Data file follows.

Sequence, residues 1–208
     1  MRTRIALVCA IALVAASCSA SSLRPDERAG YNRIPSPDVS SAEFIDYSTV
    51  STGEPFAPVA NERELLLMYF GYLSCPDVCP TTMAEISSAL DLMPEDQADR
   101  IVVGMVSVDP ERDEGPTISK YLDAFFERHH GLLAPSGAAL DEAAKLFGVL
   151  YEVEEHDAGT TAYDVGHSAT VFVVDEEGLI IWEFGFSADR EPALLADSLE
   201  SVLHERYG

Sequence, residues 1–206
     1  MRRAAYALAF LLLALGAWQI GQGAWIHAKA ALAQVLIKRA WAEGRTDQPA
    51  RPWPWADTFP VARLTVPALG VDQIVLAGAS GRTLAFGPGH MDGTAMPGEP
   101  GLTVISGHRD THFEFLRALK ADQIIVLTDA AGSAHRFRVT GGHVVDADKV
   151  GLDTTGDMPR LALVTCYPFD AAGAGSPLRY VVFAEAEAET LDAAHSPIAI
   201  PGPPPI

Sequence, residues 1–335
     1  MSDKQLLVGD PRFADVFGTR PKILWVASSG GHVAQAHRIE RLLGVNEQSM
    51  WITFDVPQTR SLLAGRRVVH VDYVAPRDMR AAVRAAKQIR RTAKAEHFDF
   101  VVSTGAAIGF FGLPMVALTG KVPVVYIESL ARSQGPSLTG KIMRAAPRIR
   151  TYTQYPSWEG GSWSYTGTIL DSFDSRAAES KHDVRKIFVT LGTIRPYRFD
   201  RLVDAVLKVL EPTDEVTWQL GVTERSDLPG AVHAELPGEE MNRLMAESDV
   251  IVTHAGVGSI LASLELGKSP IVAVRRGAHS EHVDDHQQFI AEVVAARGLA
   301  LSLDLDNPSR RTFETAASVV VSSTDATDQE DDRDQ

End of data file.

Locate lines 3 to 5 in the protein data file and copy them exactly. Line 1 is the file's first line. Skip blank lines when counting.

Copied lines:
    51  STGEPFAPVA NERELLLMYF GYLSCPDVCP TTMAEISSAL DLMPEDQADR
   101  IVVGMVSVDP ERDEGPTISK YLDAFFERHH GLLAPSGAAL DEAAKLFGVL
   151  YEVEEHDAGT TAYDVGHSAT VFVVDEEGLI IWEFGFSADR EPALLADSLE